Age of criminal responsibility could be increased
The BBC has learned that a review of the youth justice system is to recommend the age of criminal responsibility be increased to 12.
Justice Minister David Ford is to make a statement to the assembly on Monday outlining the recommendations of a review team.
Currently children aged 10 or over can be brought before courts in NI and charged with criminal offences.
That is the same as England and Wales, but out of line with much of Europe.
Scotland raised its age of criminal responsibility from eight to 12 earlier this year.
In the Irish Republic, no child under 12 can be charged, although there are exceptions for 10 and 11-year-olds suspected of very serious offences.
The review into the youth justice system in Northern Ireland was set up as a result of the Hillsborough agreement on power sharing.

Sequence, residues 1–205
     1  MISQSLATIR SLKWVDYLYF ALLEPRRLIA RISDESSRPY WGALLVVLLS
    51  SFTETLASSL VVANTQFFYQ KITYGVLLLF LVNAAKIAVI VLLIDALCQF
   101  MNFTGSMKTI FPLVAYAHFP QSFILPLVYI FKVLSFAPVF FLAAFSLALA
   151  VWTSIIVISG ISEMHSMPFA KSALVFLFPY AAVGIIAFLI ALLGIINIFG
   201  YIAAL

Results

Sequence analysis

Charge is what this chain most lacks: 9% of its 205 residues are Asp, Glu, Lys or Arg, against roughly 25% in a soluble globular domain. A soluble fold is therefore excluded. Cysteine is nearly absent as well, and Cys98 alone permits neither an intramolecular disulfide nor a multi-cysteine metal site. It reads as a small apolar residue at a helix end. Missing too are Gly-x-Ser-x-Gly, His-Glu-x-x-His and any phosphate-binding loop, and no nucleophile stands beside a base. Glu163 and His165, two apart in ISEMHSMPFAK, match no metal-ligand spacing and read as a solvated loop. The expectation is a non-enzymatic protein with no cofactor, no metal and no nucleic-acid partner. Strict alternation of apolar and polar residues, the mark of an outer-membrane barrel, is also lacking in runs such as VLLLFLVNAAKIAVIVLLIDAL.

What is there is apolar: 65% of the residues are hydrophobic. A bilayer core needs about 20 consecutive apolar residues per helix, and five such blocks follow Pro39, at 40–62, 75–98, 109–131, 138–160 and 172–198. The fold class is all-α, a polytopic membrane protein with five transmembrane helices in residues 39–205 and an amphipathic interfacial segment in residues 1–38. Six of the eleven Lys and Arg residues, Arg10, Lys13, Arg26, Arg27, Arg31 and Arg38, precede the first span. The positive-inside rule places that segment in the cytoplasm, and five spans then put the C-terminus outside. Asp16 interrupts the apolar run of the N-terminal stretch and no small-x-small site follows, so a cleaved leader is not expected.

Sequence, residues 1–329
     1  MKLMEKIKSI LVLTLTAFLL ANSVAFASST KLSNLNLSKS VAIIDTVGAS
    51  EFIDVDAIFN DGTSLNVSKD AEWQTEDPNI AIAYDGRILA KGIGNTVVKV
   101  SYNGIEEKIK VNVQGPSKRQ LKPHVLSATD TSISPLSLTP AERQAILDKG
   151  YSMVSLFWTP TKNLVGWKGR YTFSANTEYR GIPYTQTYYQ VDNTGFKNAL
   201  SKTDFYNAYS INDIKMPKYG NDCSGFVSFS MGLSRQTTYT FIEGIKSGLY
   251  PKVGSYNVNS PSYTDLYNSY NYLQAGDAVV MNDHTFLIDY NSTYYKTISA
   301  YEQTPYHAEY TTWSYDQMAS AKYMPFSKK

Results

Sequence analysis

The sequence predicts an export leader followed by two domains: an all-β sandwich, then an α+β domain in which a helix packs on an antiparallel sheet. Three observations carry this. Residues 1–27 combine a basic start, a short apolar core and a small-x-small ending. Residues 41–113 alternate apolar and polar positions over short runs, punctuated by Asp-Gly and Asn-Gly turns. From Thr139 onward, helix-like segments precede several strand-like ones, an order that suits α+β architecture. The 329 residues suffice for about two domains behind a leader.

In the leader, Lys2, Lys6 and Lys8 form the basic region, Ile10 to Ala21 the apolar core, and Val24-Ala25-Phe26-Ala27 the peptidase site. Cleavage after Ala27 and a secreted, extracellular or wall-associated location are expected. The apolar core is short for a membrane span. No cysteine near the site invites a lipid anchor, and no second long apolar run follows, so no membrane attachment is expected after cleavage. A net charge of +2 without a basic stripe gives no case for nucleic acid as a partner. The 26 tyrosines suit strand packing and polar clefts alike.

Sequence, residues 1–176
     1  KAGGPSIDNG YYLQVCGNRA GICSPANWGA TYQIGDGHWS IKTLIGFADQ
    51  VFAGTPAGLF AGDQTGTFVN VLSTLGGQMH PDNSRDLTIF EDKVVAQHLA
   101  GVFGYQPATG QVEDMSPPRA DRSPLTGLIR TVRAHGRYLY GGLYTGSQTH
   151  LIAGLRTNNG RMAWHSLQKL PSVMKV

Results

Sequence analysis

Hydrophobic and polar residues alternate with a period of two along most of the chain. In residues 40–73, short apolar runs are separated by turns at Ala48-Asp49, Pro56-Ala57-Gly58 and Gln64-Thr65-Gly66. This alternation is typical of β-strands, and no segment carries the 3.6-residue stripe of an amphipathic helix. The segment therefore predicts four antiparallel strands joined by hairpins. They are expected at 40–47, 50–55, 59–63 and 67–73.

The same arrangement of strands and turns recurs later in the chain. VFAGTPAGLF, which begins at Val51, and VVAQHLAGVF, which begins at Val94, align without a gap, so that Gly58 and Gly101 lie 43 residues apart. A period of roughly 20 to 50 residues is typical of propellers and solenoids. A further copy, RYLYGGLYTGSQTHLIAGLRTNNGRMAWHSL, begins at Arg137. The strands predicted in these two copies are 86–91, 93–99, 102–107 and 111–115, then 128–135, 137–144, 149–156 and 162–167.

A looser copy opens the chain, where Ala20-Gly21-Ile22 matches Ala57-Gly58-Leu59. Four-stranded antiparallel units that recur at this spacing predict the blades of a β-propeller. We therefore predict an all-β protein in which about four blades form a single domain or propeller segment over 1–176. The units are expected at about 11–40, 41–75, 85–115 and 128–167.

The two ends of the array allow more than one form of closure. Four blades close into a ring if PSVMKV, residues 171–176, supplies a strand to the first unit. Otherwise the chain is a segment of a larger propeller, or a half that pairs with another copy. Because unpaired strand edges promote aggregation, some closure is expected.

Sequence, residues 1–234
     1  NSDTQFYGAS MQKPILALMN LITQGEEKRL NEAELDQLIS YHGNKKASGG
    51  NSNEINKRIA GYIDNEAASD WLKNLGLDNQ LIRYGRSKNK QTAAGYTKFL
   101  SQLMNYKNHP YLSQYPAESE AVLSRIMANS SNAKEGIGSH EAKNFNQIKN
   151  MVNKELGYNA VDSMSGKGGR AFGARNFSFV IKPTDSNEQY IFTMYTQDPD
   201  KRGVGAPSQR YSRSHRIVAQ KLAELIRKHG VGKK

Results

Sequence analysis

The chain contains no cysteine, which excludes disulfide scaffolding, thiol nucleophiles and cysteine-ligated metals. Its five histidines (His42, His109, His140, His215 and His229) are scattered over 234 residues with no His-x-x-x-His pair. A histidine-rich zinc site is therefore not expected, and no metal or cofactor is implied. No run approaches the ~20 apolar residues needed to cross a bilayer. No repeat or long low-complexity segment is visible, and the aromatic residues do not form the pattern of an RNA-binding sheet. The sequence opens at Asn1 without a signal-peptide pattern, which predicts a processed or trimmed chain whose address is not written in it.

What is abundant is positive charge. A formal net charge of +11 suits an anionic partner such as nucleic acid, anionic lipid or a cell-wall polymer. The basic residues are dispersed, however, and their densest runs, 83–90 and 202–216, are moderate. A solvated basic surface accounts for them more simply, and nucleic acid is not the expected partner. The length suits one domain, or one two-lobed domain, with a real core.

The team has been working on its report since November last year.
It is understood the three-strong review team is recommending raising the age at which Northern Ireland children can be brought before the courts to 12.
The proposal will be put out for a public consultation.
Before it becomes law it would have to get cross-community support in the assembly, which could prove difficult.
When the Bill of Rights forum suggested a more radical increase in the age of criminal responsibility to 16 back in 2008, the idea caused a furore, with some unionists denouncing it as a "hoodies' charter".